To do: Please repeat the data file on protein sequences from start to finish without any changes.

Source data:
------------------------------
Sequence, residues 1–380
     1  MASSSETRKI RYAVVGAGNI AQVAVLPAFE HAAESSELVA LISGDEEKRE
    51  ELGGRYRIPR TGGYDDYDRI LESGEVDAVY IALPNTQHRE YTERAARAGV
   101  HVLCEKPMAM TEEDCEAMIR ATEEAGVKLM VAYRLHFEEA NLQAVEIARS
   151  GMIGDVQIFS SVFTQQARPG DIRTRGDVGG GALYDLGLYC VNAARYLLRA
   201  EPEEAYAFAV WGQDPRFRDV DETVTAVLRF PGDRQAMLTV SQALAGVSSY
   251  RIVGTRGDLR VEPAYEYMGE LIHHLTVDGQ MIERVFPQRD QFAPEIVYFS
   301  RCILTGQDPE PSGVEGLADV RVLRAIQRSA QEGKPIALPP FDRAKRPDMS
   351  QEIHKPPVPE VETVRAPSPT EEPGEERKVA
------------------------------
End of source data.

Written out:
Sequence, residues 1–380
     1  MASSSETRKI RYAVVGAGNI AQVAVLPAFE HAAESSELVA LISGDEEKRE
    51  ELGGRYRIPR TGGYDDYDRI LESGEVDAVY IALPNTQHRE YTERAARAGV
   101  HVLCEKPMAM TEEDCEAMIR ATEEAGVKLM VAYRLHFEEA NLQAVEIARS
   151  GMIGDVQIFS SVFTQQARPG DIRTRGDVGG GALYDLGLYC VNAARYLLRA
   201  EPEEAYAFAV WGQDPRFRDV DETVTAVLRF PGDRQAMLTV SQALAGVSSY
   251  RIVGTRGDLR VEPAYEYMGE LIHHLTVDGQ MIERVFPQRD QFAPEIVYFS
   301  RCILTGQDPE PSGVEGLADV RVLRAIQRSA QEGKPIALPP FDRAKRPDMS
   351  QEIHKPPVPE VETVRAPSPT EEPGEERKVA